For the truly creative person there must be something they are actually intent on creating and emotionally driven to create. To this end the creative person needs some idea that has been thought out, but more than that, some idea that’s been run through the rigours of editing so as to refine the idea and polish out the quirky or unworkable bits so that upon execution it will yield a result, an art-object, that is exactly as the artist intended.
It’s been said that “great songs are not written, they’re re-written”, meaning that though the first draft, which is the main heart and soul of the art-object given directly from the artist’s muse, is the foundation on which to build the piece, it’s not always the best version that will completely capture the emotion and vividness in the art-appreciators heart and mind that the artist requires it to. The re-writing, the Editing Phase, is where the raw ideas take shape and become the thing that the artist is seeking to express to us. A change of wording here or a new chord there or raspberry sesame dressing rather than balsamic vinegarette. It’s all in the editing stage that these little nudges towards perfection occur.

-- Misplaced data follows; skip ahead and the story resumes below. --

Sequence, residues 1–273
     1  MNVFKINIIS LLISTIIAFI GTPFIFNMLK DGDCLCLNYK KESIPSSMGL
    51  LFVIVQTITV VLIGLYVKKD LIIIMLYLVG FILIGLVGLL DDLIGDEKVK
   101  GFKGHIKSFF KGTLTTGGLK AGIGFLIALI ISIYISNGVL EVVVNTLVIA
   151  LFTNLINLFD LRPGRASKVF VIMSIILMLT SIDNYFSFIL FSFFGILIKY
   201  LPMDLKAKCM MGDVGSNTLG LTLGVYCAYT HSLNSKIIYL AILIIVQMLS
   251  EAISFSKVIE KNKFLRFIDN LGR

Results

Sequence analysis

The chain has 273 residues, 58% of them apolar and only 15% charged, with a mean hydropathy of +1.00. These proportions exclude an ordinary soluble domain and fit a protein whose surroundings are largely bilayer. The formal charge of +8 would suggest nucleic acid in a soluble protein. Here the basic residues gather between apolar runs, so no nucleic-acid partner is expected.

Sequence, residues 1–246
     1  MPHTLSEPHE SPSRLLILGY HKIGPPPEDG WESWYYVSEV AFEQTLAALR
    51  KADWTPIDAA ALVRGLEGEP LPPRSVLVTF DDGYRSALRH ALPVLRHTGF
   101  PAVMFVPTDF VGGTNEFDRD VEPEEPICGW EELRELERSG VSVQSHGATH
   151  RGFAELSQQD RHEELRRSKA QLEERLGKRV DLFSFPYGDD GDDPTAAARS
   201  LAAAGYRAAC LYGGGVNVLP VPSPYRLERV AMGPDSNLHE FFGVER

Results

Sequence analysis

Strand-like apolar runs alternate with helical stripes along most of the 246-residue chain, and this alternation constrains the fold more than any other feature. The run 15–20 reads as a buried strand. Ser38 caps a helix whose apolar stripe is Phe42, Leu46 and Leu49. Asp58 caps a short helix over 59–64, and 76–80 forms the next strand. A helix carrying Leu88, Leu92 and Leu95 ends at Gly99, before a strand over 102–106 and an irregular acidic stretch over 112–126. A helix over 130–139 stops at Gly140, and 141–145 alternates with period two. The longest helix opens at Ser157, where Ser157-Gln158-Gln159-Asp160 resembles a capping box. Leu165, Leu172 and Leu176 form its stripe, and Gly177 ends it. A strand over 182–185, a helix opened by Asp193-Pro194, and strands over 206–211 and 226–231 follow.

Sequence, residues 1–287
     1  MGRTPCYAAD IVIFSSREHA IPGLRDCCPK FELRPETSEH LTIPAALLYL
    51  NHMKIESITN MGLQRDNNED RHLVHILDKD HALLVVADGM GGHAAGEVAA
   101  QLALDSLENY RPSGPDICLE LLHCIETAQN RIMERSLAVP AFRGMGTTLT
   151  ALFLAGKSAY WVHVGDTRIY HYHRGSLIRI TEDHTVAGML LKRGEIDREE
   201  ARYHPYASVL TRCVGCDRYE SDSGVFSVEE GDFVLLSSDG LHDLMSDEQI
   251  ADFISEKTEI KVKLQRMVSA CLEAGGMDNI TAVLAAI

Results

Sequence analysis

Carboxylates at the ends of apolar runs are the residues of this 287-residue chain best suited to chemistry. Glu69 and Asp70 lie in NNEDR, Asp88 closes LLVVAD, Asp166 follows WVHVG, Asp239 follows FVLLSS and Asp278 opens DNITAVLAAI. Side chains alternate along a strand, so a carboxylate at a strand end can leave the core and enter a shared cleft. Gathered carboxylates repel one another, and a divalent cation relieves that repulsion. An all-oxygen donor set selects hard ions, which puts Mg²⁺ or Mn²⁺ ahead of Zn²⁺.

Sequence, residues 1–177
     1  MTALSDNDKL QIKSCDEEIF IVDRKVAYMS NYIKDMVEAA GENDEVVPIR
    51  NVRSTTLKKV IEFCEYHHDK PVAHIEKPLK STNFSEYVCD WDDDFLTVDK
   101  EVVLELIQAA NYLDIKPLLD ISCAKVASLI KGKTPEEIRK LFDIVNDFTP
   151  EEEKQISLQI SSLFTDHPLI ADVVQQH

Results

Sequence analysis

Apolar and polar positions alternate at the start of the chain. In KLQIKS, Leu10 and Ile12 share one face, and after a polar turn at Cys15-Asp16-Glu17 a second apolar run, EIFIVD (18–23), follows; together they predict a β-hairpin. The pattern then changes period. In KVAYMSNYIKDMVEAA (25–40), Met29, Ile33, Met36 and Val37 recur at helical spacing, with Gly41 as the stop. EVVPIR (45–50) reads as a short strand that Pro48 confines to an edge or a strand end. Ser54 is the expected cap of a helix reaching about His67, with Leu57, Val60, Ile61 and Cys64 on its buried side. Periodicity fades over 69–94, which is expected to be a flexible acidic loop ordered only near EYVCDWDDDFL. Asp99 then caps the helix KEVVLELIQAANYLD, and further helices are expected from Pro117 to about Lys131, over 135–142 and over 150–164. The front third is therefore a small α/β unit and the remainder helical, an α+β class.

But don’t be a slave to the edit. The hardest thing for an artist to do is know when the piece is finished. I believe it’s this one thing that separates the pros from the rest: they know when to stop editing the piece and begin the next phase, creation.
Creativity, to be creative is to actually create something in the real world, outside of the imagination. Whether a sculpture or play, a song or delicious meal for it to qualify as a creative act it must be created, ex-utero, and birthed into the lives of those for whom in was intended.